Pgs. 158-159, So Great Salvation, Barabas. Polluck affirms that Hopkins, after skipping the first Keswick Convention, attended the next forty-one, not thirty-nine as Barabas stated, without a break (pg. 39, The Keswick Story: The Authorized History of the Keswick Convention, Polluck). Hopkins learned the Higher Life doctrine “after listening to Robert Pearsall Smith on the subject of Holiness,” and an address by Hopkins “was the means of winning T. D. Harford-Battersby,” co-founder of the Keswick Convention with the Quaker Robert Wilson, “over to the Higher Life movement” (pgs. 158-159, So Great Salvation; cf. pgs. 75ff., Evan Harry Hopkins: A Memoir, Alexander Smellie).
 Pgs. 99-102, The Law of Liberty in the Spiritual Life, Hopkins.
 Unfortunately, other things Hopkins taught were not a little less Scriptural; for example, his preaching at the Oxford Convention that one must “begin” in the Higher Life by rejecting the active obedience of Christ in redemption (pg. 93, Account of the Union Meeting for the Promotion of Scriptural Holiness, Held at Oxford, August 29 to September 7, 1874. Chicago: Revell, 1874), is, one hopes, simply loose language.
 Pg. 101, The Law of Liberty in the Spiritual Life, Hopkins.
 Pg. 123, So Great Salvation, Barabas. While Barabas does not have a specific section on sanctification as a process other than half of pg. 85, scattered statements about process are occasionally found within his comparatively massive discussions of sanctification as gift and as crisis.
 Pg. 71, So Great Salvation, Barabas, quoting Warfield, Perfectionism Vol. 2, pgs. 579-583.
 Pg. 108, So Great Salvation, Barabas.
 Pg. 51, So Great Salvation, Barabas.
 Pg. 47, So Great Salvation, Barabas.
 Pg. 49, So Great Salvation, Barabas. The page adds the qualifier “apart from Christ,” but its point in context is not simply to assert the obvious fact that Christ is the Author of all spiritual strength, life, and growth. Rather, it denies the progressive inward renewal of the believer and the progressive death of the principle of indwelling sin to affirm that nothing happens within the Christian besides counteraction.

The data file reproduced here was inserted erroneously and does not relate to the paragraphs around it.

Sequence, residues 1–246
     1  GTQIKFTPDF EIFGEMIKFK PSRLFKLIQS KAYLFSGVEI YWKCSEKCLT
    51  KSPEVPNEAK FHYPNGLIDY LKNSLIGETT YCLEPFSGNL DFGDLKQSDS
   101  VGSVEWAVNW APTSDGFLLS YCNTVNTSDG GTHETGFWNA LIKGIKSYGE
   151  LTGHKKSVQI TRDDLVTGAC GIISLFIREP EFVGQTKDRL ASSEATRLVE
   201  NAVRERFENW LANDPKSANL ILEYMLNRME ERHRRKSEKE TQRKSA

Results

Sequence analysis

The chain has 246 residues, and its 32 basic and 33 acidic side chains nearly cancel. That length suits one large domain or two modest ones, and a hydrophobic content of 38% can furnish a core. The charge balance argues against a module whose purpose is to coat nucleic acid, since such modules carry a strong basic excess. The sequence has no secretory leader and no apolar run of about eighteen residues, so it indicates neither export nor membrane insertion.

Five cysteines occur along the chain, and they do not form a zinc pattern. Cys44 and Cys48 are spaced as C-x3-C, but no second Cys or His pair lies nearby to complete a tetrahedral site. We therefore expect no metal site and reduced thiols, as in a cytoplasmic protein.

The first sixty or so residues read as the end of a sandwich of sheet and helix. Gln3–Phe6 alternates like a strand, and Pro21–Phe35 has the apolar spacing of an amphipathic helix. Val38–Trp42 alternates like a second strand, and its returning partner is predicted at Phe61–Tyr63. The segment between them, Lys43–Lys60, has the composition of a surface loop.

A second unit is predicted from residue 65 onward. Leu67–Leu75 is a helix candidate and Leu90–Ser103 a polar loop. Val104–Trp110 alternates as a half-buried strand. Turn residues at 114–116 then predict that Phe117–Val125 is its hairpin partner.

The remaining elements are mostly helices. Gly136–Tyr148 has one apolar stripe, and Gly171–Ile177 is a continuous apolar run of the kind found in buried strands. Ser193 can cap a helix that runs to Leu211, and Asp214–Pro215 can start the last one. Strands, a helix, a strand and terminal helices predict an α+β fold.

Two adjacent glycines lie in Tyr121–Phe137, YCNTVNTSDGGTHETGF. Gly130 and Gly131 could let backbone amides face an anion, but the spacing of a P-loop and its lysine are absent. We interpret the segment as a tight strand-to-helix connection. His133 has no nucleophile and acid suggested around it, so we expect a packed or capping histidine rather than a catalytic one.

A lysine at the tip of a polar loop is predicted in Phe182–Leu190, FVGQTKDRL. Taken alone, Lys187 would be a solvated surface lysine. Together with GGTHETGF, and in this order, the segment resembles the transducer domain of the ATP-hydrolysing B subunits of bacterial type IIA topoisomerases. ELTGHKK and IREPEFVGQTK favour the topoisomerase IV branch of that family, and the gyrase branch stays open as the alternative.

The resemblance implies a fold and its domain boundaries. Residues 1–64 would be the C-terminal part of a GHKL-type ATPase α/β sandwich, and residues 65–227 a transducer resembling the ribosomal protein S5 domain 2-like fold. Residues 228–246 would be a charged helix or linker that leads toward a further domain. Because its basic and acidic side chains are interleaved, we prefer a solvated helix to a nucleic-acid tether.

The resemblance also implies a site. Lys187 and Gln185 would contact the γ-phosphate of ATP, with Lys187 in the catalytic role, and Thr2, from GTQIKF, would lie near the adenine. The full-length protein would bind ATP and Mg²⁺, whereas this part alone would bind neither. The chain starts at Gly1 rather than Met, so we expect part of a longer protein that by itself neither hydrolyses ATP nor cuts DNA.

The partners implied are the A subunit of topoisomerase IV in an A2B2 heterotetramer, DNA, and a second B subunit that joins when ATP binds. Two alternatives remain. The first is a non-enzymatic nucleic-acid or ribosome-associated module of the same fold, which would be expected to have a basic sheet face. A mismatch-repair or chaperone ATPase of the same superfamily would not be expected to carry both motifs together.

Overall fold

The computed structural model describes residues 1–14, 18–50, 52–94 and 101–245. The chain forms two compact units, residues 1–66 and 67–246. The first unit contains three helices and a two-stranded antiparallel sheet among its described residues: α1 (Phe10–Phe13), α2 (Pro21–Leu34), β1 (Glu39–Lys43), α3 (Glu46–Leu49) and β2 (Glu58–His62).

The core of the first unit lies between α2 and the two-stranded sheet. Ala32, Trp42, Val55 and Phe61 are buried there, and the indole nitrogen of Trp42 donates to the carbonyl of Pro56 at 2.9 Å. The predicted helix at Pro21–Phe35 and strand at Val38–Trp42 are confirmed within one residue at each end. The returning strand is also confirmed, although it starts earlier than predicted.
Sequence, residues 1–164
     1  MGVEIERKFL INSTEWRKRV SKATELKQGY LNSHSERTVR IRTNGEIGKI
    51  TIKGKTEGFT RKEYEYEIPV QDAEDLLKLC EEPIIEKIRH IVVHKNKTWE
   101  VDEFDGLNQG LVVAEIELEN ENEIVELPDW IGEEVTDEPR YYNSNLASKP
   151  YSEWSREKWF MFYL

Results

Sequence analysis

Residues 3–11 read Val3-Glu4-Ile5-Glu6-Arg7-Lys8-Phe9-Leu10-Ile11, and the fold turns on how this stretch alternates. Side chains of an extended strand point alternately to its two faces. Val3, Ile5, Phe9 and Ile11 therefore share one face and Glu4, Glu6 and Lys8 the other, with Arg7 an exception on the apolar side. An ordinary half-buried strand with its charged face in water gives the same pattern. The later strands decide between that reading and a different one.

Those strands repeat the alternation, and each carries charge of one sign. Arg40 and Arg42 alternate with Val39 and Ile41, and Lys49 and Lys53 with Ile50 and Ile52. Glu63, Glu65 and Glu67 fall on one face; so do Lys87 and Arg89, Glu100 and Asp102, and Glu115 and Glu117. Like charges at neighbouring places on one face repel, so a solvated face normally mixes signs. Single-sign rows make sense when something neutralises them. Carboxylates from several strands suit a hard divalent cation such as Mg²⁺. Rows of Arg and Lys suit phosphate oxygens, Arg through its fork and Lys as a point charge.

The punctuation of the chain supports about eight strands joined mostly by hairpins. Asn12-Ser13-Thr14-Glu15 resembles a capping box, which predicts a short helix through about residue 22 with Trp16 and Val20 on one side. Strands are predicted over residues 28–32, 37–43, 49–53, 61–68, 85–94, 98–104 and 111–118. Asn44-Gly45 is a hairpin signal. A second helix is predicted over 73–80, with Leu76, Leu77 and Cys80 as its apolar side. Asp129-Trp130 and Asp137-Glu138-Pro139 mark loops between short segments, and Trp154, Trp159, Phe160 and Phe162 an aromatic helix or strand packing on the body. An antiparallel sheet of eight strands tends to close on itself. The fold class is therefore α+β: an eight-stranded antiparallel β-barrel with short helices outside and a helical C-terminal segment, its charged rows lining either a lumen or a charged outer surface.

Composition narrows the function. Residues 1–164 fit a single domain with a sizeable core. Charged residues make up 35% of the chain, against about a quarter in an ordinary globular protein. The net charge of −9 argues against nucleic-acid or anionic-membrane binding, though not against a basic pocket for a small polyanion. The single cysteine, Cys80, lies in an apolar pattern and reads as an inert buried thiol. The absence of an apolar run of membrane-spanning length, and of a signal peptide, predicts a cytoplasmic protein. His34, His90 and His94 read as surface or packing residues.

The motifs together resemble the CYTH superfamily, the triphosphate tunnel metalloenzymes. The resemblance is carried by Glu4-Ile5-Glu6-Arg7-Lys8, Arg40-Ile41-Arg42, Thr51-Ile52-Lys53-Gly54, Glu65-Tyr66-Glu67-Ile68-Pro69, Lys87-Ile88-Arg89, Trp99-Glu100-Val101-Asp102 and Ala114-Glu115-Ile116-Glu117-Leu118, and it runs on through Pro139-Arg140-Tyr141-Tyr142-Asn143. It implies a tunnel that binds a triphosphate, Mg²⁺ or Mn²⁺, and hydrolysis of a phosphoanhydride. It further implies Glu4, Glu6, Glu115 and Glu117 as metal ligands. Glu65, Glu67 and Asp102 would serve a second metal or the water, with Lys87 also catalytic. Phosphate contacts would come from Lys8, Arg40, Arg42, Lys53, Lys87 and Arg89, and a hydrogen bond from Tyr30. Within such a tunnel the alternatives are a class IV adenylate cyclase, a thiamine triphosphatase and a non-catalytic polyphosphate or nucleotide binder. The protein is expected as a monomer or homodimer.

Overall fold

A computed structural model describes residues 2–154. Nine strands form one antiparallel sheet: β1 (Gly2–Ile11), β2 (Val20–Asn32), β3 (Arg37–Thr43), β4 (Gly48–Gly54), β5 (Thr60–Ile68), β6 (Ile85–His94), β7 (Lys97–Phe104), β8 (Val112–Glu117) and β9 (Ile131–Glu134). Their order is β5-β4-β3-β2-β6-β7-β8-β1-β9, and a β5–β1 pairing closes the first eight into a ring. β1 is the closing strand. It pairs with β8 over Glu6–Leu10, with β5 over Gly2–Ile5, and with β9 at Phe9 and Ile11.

Barabas does not clearly set forth the insufficient view that progress in sanctification is merely an increased appropriation of Christ, while the person himself remains unchanged—indeed, his quotation of Hopkins appears to deny this view—but other Higher Life writers have done so. Warfield refutes this position while discussing the doctrine of the German Lutheran Higher Life leader Theodore Jellinghaus (who affirmed typical Lutheran heresies, such as baptismal regeneration and opposition to eternal security, among other very serious errors on the way of salvation). Jellinghaus had learned of the Higher Life from Robert Pearsall Smith and his associates. Keswick’s leading to the rise of German Pentecostalism brought Jellinghaus to renounce the Higher Life as he saw its fruits more clearly. Warfield records:
[The Higher Life doctrine of Jellinghaus is that] [a]s we received forgiveness of sins at once on our first believing, so do we receive our full deliverance from the power of sin at once on this our second believing. But, along with this, emphasis is thrown on the continuousness of both the cause and the effect. Jesus saves us now—if I believe now; and the believer is to live in a continuous believing and consequent continuous salvation. This is, of course, the well known “moment by moment” doctrine of the Higher Life teachers. The main purpose of this teaching is to prevent us from supposing that the source of our holiness is in ourselves. But it has the additional effect of denying with great emphasis that the seat of our holiness—any of it, at any time—is in ourselves. It thus makes our holiness in all its extent purely a holiness of acts, never of nature. What we obtain by faith is Christ—as a Preserver from sinful acts. By continuous faith we obtain Him continuously—as Preserver from sinful acts; and only from those particular sinful acts with which we are for the moment threatened. We do not at any time obtain Him as Savior from all possible sins, but only as Savior from the particular sinful acts for protection from which we, from time to time, need Him. Thus we are never made “holy” in any substantial sense, so that we are ourselves holy beings. And also accordingly we are never made “holy” in any conclusive sense, so that, being holy in ourselves, naturally we continue holy. This is the way Jellinghaus expresses himself . . . [w]e are, says Jellinghaus, like a poor relation living in a rich man’s house as a dependent, and receiving all he needs day by day from his benefactor, but never being made rich himself.